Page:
International Sake Sales Continue to Rise

Historically, the sake industry has been confined to the shores of Japan, being enjoyed at dinner tables around the country, at home or in restaurants, with international sales making up a tiny percentage of the total annual sales volume. However, in recent times, the world has developed something of a taste for this elegant rice wine, and this interest is set to further intensify going forward. 

In fact, it was recently announced that sake sales on the international market have risen for a 12th consecutive year, with the likes of the USA and Europe showing a particular interest. The Japan Sake and Shochu Makers Association reported that exports of sake totaled $294m USD in 2021.

This growth in global sales couldn’t come at a better time for Japan’s sake producers. The national consumption within Japan has dropped significantly, by as much as 30% over the last decade. The industry owes this drop in popularity to the rise of other wines and spirits, including whisky, shochu and Koshu white wine, which all give consumers many more options when it comes to choosing their alcoholic beverage of choice. 

Industry professionals are hopeful that these national sales will return in due time and are currently working towards that end. However, they also recognise the importance of the international market and are therefore looking to further boost sake’s popularity abroad, introducing the iconic Japanese drink to markets who may not yet have experienced all of the joys within.

Why Is Sake Growing Abroad?


So that raises the question, what is it about sake that has suddenly grabbed non-Japanese peoples’ attention, resulting in this increase in popularity abroad?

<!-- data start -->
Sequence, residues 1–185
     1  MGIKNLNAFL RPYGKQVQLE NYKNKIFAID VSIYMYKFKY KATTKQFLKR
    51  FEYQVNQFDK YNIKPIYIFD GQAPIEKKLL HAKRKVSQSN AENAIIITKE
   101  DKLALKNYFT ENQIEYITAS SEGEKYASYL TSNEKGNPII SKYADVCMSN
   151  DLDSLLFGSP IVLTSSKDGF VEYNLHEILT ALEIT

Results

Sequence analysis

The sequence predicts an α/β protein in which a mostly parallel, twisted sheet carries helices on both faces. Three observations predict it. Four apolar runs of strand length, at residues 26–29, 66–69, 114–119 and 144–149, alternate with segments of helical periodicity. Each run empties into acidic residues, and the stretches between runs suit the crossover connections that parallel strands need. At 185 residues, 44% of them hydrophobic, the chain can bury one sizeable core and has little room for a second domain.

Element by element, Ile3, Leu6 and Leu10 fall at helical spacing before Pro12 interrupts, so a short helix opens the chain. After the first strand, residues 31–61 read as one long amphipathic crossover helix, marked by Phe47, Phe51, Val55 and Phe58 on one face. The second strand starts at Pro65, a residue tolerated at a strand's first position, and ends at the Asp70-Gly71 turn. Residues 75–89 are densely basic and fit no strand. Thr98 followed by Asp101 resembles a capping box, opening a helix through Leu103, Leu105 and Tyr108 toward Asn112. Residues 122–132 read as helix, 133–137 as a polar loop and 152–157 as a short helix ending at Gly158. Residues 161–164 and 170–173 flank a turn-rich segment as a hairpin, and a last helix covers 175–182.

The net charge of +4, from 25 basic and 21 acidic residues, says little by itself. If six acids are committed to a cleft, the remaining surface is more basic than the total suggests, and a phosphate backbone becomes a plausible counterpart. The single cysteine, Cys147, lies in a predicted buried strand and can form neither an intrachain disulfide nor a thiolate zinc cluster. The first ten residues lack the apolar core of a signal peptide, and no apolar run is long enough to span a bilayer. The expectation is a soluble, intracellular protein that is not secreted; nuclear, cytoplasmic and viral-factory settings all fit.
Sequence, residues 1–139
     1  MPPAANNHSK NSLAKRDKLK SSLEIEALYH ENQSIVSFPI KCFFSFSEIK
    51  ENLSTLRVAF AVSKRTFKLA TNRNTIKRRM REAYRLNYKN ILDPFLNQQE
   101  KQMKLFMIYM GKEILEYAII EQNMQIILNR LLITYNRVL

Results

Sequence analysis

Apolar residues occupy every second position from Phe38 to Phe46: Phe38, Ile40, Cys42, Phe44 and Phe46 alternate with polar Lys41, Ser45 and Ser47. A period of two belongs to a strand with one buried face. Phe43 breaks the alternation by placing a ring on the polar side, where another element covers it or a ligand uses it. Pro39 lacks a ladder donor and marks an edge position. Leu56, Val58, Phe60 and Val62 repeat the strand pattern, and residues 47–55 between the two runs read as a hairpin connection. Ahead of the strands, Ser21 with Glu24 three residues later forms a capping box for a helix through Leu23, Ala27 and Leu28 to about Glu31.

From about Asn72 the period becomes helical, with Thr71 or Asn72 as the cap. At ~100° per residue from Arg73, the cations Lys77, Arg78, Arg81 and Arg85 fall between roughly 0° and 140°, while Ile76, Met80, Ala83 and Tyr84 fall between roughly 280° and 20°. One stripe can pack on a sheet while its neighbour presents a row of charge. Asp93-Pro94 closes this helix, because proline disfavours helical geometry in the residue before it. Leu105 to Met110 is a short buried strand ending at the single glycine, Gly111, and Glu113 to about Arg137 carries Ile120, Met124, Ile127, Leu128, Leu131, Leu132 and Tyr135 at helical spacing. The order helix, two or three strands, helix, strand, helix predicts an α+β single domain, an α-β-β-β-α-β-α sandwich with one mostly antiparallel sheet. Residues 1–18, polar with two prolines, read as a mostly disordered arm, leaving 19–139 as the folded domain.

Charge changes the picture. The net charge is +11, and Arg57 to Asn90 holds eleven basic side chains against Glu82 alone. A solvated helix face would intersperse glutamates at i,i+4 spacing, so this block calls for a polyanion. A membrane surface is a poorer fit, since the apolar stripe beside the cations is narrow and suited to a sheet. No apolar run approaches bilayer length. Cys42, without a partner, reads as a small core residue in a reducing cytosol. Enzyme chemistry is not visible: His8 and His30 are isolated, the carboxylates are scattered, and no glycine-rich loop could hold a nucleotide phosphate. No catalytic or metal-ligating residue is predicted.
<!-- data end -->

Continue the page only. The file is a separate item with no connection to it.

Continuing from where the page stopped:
Jumpei Sato, the Chief Executive of Sake Brewer Tatenokawa, stated he believes the first thing worth considering is a growing appreciation of Japanese culture and food around the globe. This is leading to more and more people looking to try Japanese food, drinks and pairings of the two either at home or local Japanese restaurants.

He says the second thing worth noting is that producers are purposefully exporting only their very best, high-end creations, while in some cases they are also adjusting their recipes to increase levels of natural acid, which makes them pair better with fattier Western foods, while also appealing more to wine enthusiasts. 

Thus far, it seems to be working. On top of the huge and steady increase in sales abroad, many international wine competitions have already created categories for sake and they have their very own experts tasting, judging and awarding imported expressions. This is something that you simply could not have imagined two decades ago, and it’s a fantastic sign for the long term growth of the industry. 

With all of this in mind, the overall picture of the future of the sake industry is a bright one, with international sales predicted to continue rising in the years ahead and hopes of sales within Japan recovering. However, the latter will only happen should producers be able to stem the influx of cheaper, lower quality products at home and reignite their country’s confidence in a drink that has been an enormous part of their lives for centuries. 

For those of you living outside of Japan, there’s never been a better time to explore the sake landscape and we may even have some recommendations for you in the coming weeks.

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